Can this be done? I have no doubt that it can. For what is human life after all?

To a general in the battlefield, human life is a factor which, if properly used, can destroy the enemy. To an engineer human life is an equivalent to energy, or a capacity to do work, mental or muscular, and the moment something is found to be a source of energy and to have the capacity of doing work, the first thing to do, from the engineer's point of view, is to analyse the generator with a view to discovering how best to conserve it, to improve it, and bring it to the level of maximum productivity. Human beings are very complicated energy-producing batteries differing widely in quality and magnitude of productive power. Experience has shown that these batteries are, first of all, chemical batteries producing a mysterious energy. If these batteries are not supplied periodically with a more or less constant quantity of some chemical elements called food and air, the batteries will cease to function-they will die. In the examination of the structure of these batteries we find that the chemical base is very much accentuated all through the structure. This chemical generator is divided into branches each of which has a very different role which it must perform in harmony with all the others. The mechanical parts of the structure are built in conformity to the rules of mechanics and are automatically furnished with lubrication and with chemical supplies for automatically renewing worn-out parts. The chemical processes not only deposit particles of mass for the structure of the generator but produce some very powerful unknown kinds of energies or vibrations which make all the chemical parts function; we find also a mysterious apparatus with a complex of wires which we call brain, glands, and nerves; and, finally, these human batteries have the remarkable capacity of reproduction.

These functions are familiar to everybody. From the knowledge of other physical, mechanical and chemical phenomena of nature, we must come to the conclusion, that this human battery is the most perfect example of a complex engine; it has all the peculiarities of a chemical battery combined with a generator of a peculiar energy called life; above all, it has mental or spiritual capacities; it is thus equipped with both mental and mechanical means for producing work. The parts and functions of this marvelous engine have been the subject of a vast amount of research in various special branches of science. A very noteworthy fact is that both the physical work and the mental work of this human engine are always accompanied by both physical and chemical changes in the structure of its machinery- corresponding to the wear and tear of non-living engines. It also presents certain sexual and spiritual phenomena that have a striking likeness to certain phenomena, especially wireless phenomena, to electricity and to radium. This human engine-battery is of unusual strength, durability and perfection; and yet it is very liable to damage and even wreckage, if not properly used. The controlling factors are very delicate and so the engine is very capricious. Very special training and understanding are necessary for its control.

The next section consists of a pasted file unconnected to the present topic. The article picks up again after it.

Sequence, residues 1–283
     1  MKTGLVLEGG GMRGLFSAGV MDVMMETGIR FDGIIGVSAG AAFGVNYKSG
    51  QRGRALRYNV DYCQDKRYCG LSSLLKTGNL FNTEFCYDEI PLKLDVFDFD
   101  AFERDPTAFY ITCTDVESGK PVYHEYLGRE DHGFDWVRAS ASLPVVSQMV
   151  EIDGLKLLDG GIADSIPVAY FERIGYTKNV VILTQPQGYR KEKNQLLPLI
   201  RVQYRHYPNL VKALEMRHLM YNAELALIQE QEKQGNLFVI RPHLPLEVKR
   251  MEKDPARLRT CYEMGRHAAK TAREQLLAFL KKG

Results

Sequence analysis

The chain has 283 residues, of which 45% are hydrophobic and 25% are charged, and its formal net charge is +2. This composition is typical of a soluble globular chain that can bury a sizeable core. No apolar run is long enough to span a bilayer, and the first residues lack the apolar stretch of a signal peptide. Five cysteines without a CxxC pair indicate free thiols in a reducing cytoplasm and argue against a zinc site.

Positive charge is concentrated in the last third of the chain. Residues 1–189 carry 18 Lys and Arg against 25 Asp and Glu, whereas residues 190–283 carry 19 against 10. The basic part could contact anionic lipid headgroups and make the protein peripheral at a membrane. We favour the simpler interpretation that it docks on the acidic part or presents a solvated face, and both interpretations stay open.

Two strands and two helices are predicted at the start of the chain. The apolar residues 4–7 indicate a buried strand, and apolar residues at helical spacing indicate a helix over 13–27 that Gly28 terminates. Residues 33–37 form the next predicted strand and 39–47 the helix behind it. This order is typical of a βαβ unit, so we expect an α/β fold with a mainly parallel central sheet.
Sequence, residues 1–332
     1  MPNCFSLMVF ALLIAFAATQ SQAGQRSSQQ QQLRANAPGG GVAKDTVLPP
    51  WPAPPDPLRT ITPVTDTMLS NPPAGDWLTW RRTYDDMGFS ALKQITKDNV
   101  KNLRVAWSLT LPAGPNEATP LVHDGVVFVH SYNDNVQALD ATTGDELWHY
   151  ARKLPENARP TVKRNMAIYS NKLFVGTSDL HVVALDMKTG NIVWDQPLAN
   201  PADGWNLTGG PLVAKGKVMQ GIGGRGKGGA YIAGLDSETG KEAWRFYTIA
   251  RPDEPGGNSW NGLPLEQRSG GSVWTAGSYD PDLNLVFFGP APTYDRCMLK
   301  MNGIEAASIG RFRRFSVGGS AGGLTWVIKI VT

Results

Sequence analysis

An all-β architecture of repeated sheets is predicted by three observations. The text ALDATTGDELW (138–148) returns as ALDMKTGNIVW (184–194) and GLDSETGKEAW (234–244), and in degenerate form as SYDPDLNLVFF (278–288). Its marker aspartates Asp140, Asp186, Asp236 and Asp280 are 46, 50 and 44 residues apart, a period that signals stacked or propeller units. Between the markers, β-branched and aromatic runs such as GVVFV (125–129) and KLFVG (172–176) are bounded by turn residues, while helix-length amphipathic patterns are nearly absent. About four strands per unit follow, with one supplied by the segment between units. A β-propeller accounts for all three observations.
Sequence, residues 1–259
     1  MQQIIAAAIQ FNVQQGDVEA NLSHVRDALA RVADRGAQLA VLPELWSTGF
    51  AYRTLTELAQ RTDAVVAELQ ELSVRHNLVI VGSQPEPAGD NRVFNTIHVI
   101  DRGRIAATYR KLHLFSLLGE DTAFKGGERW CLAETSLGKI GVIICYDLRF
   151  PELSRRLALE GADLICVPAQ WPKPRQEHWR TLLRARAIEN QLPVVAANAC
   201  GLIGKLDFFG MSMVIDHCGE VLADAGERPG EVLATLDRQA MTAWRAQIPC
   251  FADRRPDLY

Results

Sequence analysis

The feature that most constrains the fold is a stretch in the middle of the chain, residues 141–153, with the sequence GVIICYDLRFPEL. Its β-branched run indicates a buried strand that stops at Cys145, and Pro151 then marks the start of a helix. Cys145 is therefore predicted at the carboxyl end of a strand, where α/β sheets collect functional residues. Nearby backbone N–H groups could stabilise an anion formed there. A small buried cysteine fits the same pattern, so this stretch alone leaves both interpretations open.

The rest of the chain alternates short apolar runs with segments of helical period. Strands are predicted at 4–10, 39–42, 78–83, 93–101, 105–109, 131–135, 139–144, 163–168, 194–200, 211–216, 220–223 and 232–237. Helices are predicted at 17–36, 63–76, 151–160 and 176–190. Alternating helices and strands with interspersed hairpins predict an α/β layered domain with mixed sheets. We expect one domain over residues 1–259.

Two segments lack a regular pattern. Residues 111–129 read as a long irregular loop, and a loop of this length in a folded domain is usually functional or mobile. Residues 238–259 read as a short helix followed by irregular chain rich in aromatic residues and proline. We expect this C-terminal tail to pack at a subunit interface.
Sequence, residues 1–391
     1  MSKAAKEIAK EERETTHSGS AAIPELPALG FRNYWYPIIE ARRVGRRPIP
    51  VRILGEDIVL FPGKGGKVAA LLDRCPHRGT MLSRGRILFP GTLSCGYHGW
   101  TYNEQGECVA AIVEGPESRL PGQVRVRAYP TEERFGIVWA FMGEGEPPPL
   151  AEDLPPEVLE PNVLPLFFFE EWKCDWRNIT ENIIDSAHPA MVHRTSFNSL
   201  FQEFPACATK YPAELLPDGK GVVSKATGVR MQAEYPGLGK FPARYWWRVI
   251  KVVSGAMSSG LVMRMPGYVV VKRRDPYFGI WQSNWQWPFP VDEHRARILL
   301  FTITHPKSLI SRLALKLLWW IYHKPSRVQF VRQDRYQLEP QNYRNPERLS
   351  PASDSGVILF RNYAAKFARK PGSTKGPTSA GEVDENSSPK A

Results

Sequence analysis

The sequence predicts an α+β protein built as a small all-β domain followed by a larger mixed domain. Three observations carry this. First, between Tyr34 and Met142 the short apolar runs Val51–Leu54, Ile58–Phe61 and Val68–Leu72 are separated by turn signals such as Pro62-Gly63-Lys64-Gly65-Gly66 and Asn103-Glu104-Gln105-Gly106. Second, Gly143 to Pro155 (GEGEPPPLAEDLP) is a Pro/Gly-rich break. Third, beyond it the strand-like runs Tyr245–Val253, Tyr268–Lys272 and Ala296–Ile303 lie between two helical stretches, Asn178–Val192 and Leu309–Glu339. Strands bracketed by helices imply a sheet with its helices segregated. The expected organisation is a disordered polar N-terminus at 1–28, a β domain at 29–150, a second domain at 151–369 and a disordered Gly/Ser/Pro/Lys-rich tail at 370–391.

The reader may wish to ask: What is the essence of the time-binding power of Man? Talk of essences is metaphysical-it is not scientific. Let me explain by an example.

What is electricity? The scientific answer is: electricity is that which exhibits such and such phenomena. Electricity means nothing but a certain group of phenomena called electric. We are studying electricity when we are studying those phenomena. Thus it is in physics-there is no talk of essences. So, too, in Human Engineering-we shall not talk of the essence of time-binding but only of the phenomena and the laws thereof. What has led to the development of electric appliances is knowledge of electrical phenomena-not metaphysical talk about the electrical essence. And what will lead to the science and art of Human Engineering is knowledge of time-binding phenomena-not vain babble about an essence of time-binding power. There is no mystery about the word time-binding. Some descriptive term was necessary to indicate that human capacity which discriminates human beings from animals and marks man as man. For that use -the appropriateness of the term time-binding becomes more and more manifest upon reflection.

What are the conditions of life upon this earth? Is there war or peace in daily life ? All living beings require food; they multiply in a geometrical ratio; and so the natural productivity of the soil becomes increasingly inadequate. The tendency to increase in geometrical ratio is true of all life-vegetable? animal and human, but the tendency is checked by various counteracting influences, natural and artificial. A short time ago these checks had so operated to annul the law of increase as almost to stop the growth of human population. It is only by the time-binding capacity of man-by scientific progress and technological invention-that the checks have been overcome. And so in the last century the population of Europe increased more than it had increased in several centuries before. Impoverished soil, excessive heat or cold, excessive moisture, the lack of rainfall, and many other factors are hostile to life. It is evident, therefore, that human life must especially struggle for existence; it must carry on a perpetual contest for self preservation. It seems obvious that, if there is perpetual war in every-day life, war methods must be applied.